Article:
And if I’m being completely honest, I think it’s gotten worse since being engaged. Being the biggest decision of my life, I am overthinking and over-analyzing more than ever because I want so badly to make sure that each decision is the right decision for my fiance and me and that it is God’s will for our lives.
Many of my blog posts are about small moments with big impact or revelation. Well…I had a big moment this weekend. My boyfriend proposed to me! And I said yes, of course!
So now begins the wedding planning and the house hunting. These are big things that I’ve never done before, and it’s a bit daunting sometimes when I just stop and reflect and think,”I’m getting married. I’m buying a house.” I will admit, in the midst of my overflowing excitement is a little fear. However, and this is a big however, I’ve found the key to keeping my calm is remembering that in no way am I in this alone. (That’s kind of a big part of why we get married right?) I’ve got my fiance, my family, my friends, just like I have in every situation prior to these. That realization makes all the difference in my current situations, but I also think it makes all the difference in most situations.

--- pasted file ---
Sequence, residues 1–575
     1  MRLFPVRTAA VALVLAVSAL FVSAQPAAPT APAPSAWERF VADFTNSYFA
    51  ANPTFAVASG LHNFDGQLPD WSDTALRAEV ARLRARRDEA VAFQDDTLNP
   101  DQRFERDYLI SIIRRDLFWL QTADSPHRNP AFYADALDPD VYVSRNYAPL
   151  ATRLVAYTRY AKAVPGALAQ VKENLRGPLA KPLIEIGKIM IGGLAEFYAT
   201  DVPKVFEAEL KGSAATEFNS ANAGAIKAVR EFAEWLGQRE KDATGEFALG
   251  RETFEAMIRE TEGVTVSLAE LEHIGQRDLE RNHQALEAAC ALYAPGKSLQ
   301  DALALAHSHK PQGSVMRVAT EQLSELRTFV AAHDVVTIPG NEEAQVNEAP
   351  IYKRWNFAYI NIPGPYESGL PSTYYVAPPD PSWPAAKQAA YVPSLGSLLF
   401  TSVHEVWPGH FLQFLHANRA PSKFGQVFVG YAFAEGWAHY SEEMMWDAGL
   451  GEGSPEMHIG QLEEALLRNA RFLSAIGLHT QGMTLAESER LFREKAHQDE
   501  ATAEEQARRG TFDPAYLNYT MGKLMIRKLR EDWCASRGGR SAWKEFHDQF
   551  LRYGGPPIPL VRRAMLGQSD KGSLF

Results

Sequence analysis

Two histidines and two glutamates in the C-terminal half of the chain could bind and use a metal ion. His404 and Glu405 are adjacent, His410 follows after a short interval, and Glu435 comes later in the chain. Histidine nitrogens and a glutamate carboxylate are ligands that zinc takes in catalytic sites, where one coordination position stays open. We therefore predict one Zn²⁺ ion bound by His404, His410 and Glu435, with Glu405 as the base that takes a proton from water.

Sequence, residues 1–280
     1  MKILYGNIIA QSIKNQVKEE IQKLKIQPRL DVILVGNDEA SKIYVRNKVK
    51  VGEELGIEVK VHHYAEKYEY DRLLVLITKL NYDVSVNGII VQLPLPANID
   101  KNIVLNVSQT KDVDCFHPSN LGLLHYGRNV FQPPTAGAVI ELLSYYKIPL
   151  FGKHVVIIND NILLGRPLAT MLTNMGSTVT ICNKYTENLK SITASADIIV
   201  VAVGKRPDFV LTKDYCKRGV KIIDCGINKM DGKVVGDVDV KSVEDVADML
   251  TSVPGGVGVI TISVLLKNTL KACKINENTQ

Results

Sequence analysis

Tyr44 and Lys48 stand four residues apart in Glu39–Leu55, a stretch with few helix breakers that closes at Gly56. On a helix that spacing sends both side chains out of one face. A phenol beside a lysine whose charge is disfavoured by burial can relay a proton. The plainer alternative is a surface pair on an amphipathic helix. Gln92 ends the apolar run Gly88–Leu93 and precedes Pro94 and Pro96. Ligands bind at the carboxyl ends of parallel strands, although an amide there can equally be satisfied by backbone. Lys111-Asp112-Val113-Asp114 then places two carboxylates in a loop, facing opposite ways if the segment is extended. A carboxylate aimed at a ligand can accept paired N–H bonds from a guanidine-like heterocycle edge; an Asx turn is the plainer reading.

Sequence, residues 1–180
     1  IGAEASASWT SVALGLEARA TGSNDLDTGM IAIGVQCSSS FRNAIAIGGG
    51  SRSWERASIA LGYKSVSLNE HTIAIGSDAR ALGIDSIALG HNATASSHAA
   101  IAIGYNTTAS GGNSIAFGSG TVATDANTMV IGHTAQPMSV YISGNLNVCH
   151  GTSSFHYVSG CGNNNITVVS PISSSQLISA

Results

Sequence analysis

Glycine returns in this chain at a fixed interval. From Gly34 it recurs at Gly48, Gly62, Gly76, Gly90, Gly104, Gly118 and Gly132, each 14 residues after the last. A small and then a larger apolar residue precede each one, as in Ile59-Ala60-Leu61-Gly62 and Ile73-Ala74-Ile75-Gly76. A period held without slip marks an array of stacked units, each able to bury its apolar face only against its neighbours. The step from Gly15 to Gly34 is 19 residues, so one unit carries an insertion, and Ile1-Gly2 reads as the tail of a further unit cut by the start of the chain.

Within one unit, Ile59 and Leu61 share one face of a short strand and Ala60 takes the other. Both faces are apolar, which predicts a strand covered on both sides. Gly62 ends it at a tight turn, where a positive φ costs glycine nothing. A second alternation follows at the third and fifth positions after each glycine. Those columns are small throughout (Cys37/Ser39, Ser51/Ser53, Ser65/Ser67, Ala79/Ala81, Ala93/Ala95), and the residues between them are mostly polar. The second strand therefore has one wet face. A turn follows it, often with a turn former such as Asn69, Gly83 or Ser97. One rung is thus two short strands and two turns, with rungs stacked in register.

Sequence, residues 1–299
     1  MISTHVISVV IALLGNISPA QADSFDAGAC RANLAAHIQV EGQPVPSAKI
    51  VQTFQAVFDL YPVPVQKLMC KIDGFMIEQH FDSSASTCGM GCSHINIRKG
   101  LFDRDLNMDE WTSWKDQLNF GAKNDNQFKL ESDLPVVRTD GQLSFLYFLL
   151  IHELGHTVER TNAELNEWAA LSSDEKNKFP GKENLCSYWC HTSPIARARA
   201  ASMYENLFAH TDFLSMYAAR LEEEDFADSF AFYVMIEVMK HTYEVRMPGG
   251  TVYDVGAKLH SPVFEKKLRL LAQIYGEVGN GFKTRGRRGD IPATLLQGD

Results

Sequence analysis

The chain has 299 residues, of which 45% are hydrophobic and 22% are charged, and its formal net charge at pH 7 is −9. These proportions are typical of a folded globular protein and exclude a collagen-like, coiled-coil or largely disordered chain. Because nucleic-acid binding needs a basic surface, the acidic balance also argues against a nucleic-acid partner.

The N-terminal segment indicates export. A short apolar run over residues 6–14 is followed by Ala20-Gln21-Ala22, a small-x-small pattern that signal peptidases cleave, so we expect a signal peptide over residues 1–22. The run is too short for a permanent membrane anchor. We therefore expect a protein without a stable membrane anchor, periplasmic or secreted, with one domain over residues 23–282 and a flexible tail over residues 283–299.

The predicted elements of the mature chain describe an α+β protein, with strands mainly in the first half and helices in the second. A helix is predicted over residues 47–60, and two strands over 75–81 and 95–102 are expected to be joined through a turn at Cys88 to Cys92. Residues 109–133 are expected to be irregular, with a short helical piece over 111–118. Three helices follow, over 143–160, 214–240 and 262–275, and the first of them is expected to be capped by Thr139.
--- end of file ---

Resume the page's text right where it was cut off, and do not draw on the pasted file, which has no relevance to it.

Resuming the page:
As the school year is fast approaching, I’ve been spending time setting up my classroom, my teacher website, my lesson plans, and all that other fun stuff. However, I will admit that last weekend, I was wishing I had just a few more weeks before going back.
Now that I’m actually delving into the heart of my preparations though, I am excited for a new year, new students, new opportunities, but I also relish in the familiarity of it all. The previous dread of going back to work has turned into joy sprinkled with a little anxiousness. While many of you may not be teachers, I think there is something to be learned here about “getting back into the swing” of anything, not just teaching.
This summer was the first summer in ten years that I did not have a job to report to. I decided it was time to take a step forward and use my time during these months to build a foundation for my passion of writing. This has been a tricky thing as I’ve realized laziness is incredibly easy.